Fijian national jailed after fabricating refugee story to get into NZ, saying family massacred

A Fijian national who made up a story that he arrived in New Zealand as a stowaway after his entire family were massacred by a group of Bangladeshi has been jailed on a representative benefit fraud charge.

Prisoner in Jail Source: Breakfast

Satya Nand was sentenced at the Tauranga District Court today to 29 months' imprisonment after pleading guilty to a representative charge of using false documentation to obtain a benefit. 

The court heard that between his arrival in New Zealand on a visitor visa in 1996 and 1998 Nand created a new identity - giving himself the name of Rana Khan - and a refugee story. 

He claimed he was born in India and went to Bangladesh when he was one year old and that his family were killed when he was 18.

Nand claimed he was persecuted, beaten up and stabbed at the refugee camp in Bangladesh so stowed away on a ship to Hong Kong and eventually New Zealand.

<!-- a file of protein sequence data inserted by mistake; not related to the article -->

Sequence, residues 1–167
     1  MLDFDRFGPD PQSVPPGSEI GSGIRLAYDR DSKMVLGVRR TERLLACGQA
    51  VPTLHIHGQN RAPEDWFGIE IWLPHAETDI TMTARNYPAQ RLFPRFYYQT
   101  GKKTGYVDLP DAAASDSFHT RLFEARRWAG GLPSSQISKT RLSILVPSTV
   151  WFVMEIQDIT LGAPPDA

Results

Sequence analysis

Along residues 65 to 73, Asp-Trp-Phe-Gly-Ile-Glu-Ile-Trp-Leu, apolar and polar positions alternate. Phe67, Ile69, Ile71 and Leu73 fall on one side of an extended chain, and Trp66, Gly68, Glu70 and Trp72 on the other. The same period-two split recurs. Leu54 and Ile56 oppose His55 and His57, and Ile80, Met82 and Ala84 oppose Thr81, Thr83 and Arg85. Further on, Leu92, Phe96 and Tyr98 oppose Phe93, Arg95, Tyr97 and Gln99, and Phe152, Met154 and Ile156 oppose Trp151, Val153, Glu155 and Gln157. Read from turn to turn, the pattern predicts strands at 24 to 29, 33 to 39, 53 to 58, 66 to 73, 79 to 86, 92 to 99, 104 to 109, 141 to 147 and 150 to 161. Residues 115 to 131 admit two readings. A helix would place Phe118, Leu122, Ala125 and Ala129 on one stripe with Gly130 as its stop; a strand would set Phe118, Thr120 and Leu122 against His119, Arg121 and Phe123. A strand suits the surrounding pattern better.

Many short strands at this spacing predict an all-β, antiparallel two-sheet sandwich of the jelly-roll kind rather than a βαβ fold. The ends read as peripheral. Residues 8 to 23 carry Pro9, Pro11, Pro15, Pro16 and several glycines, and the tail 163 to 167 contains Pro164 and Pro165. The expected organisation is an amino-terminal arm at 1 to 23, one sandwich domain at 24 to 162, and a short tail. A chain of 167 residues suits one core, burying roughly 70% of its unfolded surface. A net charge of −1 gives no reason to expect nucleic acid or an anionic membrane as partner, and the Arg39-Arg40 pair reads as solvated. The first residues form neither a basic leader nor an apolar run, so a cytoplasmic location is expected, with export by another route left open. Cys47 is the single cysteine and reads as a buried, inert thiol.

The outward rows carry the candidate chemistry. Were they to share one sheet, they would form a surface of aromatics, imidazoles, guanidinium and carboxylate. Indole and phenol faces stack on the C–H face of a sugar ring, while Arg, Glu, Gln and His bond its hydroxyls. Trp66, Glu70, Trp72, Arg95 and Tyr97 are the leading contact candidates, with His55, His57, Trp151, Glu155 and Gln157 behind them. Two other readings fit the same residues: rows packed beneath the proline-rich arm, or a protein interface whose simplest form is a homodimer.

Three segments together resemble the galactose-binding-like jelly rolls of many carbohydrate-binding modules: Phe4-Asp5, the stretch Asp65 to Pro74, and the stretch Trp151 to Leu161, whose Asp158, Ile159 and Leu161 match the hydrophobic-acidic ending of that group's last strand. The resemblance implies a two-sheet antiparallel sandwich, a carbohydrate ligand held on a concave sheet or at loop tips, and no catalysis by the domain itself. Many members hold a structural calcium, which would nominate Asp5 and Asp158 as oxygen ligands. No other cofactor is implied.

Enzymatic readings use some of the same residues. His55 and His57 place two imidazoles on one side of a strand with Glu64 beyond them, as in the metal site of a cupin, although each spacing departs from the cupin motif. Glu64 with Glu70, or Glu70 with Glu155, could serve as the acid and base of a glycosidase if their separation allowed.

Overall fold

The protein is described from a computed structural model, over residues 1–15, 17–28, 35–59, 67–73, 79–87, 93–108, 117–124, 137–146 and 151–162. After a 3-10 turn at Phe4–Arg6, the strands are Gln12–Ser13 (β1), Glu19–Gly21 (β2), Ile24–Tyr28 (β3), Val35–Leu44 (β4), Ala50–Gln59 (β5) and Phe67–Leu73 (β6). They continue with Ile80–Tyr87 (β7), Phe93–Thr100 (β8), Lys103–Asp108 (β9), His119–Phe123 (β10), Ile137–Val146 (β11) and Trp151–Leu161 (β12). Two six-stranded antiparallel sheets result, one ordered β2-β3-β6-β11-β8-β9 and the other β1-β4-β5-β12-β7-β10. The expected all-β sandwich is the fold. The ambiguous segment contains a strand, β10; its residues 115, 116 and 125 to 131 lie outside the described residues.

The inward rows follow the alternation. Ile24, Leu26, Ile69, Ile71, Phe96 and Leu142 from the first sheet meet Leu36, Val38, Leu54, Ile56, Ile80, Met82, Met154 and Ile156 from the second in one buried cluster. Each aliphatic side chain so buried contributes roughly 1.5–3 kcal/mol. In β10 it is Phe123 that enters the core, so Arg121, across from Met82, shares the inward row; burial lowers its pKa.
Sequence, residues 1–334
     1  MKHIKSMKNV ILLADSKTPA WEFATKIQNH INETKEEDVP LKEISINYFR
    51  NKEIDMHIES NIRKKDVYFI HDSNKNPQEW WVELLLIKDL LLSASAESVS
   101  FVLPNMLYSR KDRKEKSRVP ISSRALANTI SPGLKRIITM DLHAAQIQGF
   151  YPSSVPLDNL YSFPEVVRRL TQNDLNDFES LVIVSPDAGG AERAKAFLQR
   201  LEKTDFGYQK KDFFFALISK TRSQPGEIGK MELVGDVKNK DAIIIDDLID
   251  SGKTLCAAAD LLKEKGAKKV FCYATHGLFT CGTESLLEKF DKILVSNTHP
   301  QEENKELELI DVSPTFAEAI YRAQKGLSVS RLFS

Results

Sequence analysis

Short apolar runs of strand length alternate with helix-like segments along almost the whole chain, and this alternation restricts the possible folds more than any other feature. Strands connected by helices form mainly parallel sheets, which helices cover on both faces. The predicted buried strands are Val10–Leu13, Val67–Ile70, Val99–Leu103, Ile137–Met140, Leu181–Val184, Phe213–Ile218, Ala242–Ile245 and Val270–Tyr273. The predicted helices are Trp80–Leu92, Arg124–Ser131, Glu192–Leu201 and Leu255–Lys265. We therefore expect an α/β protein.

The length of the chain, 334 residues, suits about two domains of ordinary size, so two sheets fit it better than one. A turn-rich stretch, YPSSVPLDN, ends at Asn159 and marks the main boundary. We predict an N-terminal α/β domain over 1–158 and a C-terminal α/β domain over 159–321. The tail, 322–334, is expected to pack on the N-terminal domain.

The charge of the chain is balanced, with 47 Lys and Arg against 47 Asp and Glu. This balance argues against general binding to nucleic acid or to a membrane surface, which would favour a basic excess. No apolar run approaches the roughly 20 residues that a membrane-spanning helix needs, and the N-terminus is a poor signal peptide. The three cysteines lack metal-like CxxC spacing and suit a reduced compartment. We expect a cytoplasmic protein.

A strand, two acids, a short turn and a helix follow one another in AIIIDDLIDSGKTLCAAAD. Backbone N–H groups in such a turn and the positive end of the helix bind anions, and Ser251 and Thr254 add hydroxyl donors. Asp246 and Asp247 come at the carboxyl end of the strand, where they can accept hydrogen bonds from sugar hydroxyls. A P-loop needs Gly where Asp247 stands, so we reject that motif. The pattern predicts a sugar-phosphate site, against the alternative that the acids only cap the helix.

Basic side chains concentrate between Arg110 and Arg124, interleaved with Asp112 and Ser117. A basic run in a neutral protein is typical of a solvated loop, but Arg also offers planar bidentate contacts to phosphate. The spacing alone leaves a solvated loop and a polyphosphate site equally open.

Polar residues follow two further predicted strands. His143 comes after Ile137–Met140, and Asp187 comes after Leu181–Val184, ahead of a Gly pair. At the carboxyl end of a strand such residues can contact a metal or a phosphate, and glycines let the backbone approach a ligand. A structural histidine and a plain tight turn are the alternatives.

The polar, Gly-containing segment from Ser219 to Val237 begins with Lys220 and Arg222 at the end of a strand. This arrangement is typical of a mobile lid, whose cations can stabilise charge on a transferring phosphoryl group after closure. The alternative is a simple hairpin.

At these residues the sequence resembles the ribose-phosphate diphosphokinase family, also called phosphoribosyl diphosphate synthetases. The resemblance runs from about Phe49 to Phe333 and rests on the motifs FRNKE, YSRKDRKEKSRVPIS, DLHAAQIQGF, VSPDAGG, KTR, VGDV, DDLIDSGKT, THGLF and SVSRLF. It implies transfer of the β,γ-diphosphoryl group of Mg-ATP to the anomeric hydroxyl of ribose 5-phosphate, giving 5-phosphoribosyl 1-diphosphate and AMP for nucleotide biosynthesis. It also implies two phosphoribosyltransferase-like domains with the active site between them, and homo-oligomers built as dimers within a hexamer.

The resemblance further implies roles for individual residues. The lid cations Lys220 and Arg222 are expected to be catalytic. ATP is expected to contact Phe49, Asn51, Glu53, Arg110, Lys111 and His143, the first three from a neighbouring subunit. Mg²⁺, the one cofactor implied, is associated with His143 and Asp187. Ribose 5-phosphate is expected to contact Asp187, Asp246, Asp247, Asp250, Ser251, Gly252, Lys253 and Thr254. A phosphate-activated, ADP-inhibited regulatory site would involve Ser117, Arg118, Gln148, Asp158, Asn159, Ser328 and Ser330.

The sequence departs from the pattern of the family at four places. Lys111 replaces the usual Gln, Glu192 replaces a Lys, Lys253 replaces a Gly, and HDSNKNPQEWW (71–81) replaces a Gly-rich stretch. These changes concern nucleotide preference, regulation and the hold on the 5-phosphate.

Immigration New Zealand Assistant General Manager, Peter Devoy, says the entire story was a fabrication.

"The defendant had never been to either India or Bangladesh and in fact was in Fiji and New Zealand for the entire time," Mr Devoy said.

But he managed to obtain New Zealand residence and subsequently citizenship after creating for himself a new identity, obtaining identity documents in his false name, completing statutory declarations about his background and using documentation to obtain benefits for himself, his wife and three children, Mr Devoy said.

"Nand came up with an elaborate story to fulfil his dream of living in New Zealand. His fraudulent behaviour was despicable, particularly in view of the experiences and suffering many genuine refugees experience," he said. 

"He was ultimately caught as a result of painstaking investigative work by our compliance officers who managed to locate him under his true Fijian identity and then uncovered his fraud and false identity."

The judge commented how serious this offence was.

Mr Devoy said today's sentence shows such behaviour will not be tolerated and acts as a strong deterrent.